Banneker Memorial Group Marks 7 Years
In hopes of creating a memorial for famed black scientist Benjamin Banneker, the Washington Interdependence Council is finding itself in the middle of a task it equates to “eating an elephant.”
“We have learned how challenging memorial campaigns are,” said Peggy Seats, founder and president of the Washington Interdependence Council, a nonprofit civic agency.
Last night, the council was scheduled to celebrate its seventh year of progress working toward the commemoration of colonial American hero Banneker with a celebration that included a keynote speech by D.C. Mayor Anthony Williams (D), actor and comedian Tommy Davidson and a silent auction featuring New York artist Leroy Campbell.
“Over 150 different organizations of different ethnicity have attempted to commemorate Banneker,” said Seats, who characterizes Banneker as the “most unsung American hero.”
Most noted for being a major contributor to the survey and design of the nation’s capital, Banneker was a self-taught astronomer, surveyor and mathematician. He made the first striking wooden clock in America and published the Banneker Almanac in 1792, which was available in all 13 colonies.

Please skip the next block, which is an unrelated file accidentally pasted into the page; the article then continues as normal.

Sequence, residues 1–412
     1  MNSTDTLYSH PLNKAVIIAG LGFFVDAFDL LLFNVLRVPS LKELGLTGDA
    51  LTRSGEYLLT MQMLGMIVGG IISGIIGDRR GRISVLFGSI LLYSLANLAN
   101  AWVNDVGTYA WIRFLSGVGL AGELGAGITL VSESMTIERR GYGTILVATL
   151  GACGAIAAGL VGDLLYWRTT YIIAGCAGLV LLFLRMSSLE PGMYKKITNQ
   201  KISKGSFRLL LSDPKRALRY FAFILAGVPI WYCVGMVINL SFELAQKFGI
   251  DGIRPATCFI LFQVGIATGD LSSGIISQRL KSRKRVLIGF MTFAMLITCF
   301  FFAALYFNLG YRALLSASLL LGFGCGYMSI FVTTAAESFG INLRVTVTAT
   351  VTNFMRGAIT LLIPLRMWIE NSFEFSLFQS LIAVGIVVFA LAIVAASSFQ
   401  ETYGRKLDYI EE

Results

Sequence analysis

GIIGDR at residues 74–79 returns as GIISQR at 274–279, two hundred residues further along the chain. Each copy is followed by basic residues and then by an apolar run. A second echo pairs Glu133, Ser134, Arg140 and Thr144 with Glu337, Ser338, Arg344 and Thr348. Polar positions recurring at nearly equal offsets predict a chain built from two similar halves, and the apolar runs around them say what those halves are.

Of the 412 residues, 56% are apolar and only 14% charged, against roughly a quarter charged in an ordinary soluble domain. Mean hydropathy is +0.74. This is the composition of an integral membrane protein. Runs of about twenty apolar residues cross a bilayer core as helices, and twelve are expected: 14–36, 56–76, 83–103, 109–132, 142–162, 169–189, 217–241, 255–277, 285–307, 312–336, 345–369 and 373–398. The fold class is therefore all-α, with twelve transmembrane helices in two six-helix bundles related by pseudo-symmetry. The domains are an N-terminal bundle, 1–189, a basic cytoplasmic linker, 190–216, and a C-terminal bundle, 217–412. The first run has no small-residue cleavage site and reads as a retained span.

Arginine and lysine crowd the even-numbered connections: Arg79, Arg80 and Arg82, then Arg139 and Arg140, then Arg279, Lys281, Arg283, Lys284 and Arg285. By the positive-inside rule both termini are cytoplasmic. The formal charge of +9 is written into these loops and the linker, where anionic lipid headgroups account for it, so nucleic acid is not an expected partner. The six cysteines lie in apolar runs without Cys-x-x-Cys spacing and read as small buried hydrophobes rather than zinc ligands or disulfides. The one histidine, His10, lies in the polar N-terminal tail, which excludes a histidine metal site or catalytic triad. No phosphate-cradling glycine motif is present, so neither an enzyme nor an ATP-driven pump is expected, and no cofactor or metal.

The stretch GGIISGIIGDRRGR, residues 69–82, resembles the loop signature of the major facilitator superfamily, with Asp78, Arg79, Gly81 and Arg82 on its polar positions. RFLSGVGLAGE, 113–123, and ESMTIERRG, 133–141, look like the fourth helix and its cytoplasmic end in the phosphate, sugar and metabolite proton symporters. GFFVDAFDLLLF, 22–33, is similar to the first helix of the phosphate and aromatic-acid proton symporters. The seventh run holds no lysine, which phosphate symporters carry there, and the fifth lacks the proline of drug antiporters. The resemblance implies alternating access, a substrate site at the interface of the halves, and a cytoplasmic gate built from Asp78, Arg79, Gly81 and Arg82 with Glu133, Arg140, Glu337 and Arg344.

Despite seven years of fundraising and lobbying for a memorial, the council is far from completing the process, which has taken 40-50 years in the past for other memorials, according to Seats.
“We approached the process very systematically, one step at a time,” she said.
Groups planning to memorialize individuals have to meet approval from agencies responsible for the location and design of new commemorative works on federal land: the National Capital Planning Commission, the Commission of Fine Arts and the National Capital Memorial Commission.
In addition to authorizations, finding a site for memorials can provide an additional challenge.
“The most coveted area is the Mall,” Seats said. “And at this point, there is literally no more space.”
Although the National Capital Memorial Commission approved the memorial for placement along the L’Enfant Plaza corridor in 1999, the council still needs authorization from the NCPC and a review of the Fine Arts Commission before a design can be considered.
The concept would provide a “park-like” setting with benches, trees, improved lighting, additional plantings and a visitor’s center “to tell the story of the founders of the nation’s capital,” she said. A 13- to 14-foot-tall bronze statue of Banneker, and a 30- to 40-foot-tall clock tower with design elements that will incorporate wooden clock designs are also planned.